Written by a teenage girl, who chose a teenage boy to narrate the story, The Outsiders describes the rivalry between two groups, divided by their social and economic circumstances. The book was instantly successful and remains so today, despite being challenged repeatedly for its ...
Written by a teenage girl, who chose a teenage boy to narrate the story, The Outsiders describes the rivalry between two groups, divided by their social and economic circumstances. The book was instantly successful and remains so today, despite being challenged repeatedly for its depictions of violence, teenage drinking and smoking and juvenile crime.
Set in Tulsa, Oklahoma in the mid-nineteen sixties, The Outsiders borrows liberally from cultural icons of its day. There are references to The Beatles and Elvis Presley. Scenes from the book are similar to West Side Story, where the Jets and the Sharks can be compared to The Outsiders Socs and Greasers. There are lines drawn from contemporary films; sixteen going on seventeen for example, used to describe a character, was the title of a song in the 1965 film, The Sound of Music.
Although rather tame by the standards of today, (hard drugs and automatic weapons are conspicuously absent) the book continues to generate controversy for its descriptions of dysfunctional parents and broken homes.
The book was written about teenagers from the perspective of a teenager and was immediately controversial as parents objected to its portrayals of teens coming from dysfunctional homes. Few parents appear in the book and when they do it is generally in an unflattering light. Numerous challenges to The Outsiders have resulted in its being banned from school curricula and libraries.
Despite its controversy, The Outsiders was awarded The New York Herald Tribune Best Teenage Books Award in 1967, the year of its release. It has won numerous awards since and continues to sell nearly 500,000 copies a year, forty-five years after publication. It has been produced as a stage play, a major motion picture and a short-lived television series. It continues to be part of the curriculum for both middle school and high school in the United States.
EXCERPT FROM THE BOOK
p>The Outsiders tells the story of two weeks through the eyes of its narrator, fourteen year old Ponyboy Curtis, recently orphaned and living with his two older brothers in a less than desirable area of town. The brothers and their friends are greasers, so-called because of their lower income circumstances, to distinguish them from the better off Socs (pronounced soashes, short for Socials) More of an economic grouping than an organized gang, the greasers band together for protection from the Socs and for company.
Several of Ponyboy’s friends are accomplished delinquents. Petty theft, shoplifting, drinking and smoking cigarettes are amongst their preferred pastimes. The greasers are proud of their scruffy appearance, although Ponyboy expresses some regrets that “nice” girls look down on them at least in part because of the way they looked.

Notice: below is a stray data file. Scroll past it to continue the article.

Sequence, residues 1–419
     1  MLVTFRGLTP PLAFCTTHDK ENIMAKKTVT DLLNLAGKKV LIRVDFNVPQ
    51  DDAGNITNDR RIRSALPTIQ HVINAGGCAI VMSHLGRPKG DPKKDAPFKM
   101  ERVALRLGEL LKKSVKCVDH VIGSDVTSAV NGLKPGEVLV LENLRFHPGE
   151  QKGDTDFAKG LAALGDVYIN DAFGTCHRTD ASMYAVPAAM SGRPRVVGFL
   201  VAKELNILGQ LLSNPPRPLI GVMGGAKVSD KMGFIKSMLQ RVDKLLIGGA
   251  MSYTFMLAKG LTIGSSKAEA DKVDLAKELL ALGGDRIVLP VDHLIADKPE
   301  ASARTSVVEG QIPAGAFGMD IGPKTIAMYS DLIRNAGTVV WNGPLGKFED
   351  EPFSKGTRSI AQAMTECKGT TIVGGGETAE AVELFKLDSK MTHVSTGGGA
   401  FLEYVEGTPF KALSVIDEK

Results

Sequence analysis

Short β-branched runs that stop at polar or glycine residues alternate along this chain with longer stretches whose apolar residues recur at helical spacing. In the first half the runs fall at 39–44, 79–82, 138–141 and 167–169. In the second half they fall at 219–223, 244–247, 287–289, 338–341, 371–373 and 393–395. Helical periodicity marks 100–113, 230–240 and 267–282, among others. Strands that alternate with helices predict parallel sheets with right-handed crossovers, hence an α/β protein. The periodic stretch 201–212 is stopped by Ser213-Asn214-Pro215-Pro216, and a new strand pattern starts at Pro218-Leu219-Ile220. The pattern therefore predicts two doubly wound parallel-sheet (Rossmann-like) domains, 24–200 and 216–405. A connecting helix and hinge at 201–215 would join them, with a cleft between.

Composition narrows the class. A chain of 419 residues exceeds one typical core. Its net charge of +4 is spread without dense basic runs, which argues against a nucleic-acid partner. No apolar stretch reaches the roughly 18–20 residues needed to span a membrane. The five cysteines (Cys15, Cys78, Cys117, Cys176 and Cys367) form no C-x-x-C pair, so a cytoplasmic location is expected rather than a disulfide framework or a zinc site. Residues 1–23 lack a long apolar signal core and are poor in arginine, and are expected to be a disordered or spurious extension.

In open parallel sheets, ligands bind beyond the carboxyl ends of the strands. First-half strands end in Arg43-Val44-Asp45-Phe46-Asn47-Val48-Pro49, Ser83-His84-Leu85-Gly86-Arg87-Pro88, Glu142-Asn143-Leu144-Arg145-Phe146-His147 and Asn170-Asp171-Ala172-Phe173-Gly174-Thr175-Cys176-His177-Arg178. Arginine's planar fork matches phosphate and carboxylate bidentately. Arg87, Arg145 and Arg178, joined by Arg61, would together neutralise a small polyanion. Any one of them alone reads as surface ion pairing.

When Ponyboy and his friend Johnny meet some Soc girls at the drive-in they are surprised to find they have so much in common. Walking the girls’ home that night leads to an encounter with the girls Socs boyfriends, which in turn leads to the Socs, accompanied by several friends, attacking Ponyboy and Johnny in a park, with Ponyboy being held head down in a fountain. Johnny, who has been jumped and severely beaten by Socs in a previous encounter, defends himself with a knife, resulting in the death of one of the attackers.
Following the advice of the one member of their group who is a true criminal, Dallas, the two boys jump a train out of town and hide out in an abandoned church. While waiting for Dallas to join them Johnny decides to turn himself in. When Dallas arrives, they drive into town for food, returning to the church to collect the few things they had brought with them. They find the church on fire, and several small children, who were attending a picnic, trapped inside.
Ponyboy and Johnny enter the church, rescuing the children but becoming injured in the process. Ponyboy and Dallas, who helped in the rescue, have minor injuries, but Johnny’s back is broken and he has severe burns.
During the boys’ absence, the greasers and Socs have arranged a rumble, with the losing gang promising to leave the others alone for good. Ponyboy takes part in the rumble, suffering a concussion. Immediately following the rumble Johnny dies and Dallas’ mind snaps. After robbing a grocery store he is pursued by police to a vacant lot where he confronts the officers by pointing a gun at them. The police are forced to kill him.
With his grades suffering as a result of his recent tragedies, Ponyboy is informed by his English teacher that only an extraordinary theme paper will prevent his failing the class. After struggling with his thoughts over all that’s transpired over the previous two weeks, Ponyboy writes th
Larry Holzwarth is a freelance writer and submarine veteran. A former US Navy systems analyst, he has been a corporate writer on diverse subjects, a professional trainer, recruiter and lecturer. A lifelong student of history, he enjoys reading, camping, hiking and Reds baseball. After traveling extensively he returned to his native midwest where he resides near Cincinnati.